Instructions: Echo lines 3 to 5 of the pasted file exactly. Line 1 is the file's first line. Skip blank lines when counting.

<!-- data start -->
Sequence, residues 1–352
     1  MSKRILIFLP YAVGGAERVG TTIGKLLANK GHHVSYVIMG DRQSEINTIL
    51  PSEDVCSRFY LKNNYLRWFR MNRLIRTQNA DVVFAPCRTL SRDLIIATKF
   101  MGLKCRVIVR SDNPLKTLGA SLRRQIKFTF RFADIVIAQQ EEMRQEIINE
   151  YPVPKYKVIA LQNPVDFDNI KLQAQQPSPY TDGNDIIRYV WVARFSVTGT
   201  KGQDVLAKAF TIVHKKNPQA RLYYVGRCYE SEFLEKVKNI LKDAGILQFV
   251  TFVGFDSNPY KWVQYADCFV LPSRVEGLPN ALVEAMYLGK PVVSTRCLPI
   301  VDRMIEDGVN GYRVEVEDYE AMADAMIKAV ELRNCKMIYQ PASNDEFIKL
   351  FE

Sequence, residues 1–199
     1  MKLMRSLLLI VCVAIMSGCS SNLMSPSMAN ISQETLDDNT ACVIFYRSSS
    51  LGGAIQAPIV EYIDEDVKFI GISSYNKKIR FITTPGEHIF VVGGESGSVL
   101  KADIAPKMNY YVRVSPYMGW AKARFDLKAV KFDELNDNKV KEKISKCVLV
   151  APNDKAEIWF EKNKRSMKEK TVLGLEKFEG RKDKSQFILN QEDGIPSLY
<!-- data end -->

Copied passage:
    51  PSEDVCSRFY LKNNYLRWFR MNRLIRTQNA DVVFAPCRTL SRDLIIATKF
   101  MGLKCRVIVR SDNPLKTLGA SLRRQIKFTF RFADIVIAQQ EEMRQEIINE
   151  YPVPKYKVIA LQNPVDFDNI KLQAQQPSPY TDGNDIIRYV WVARFSVTGT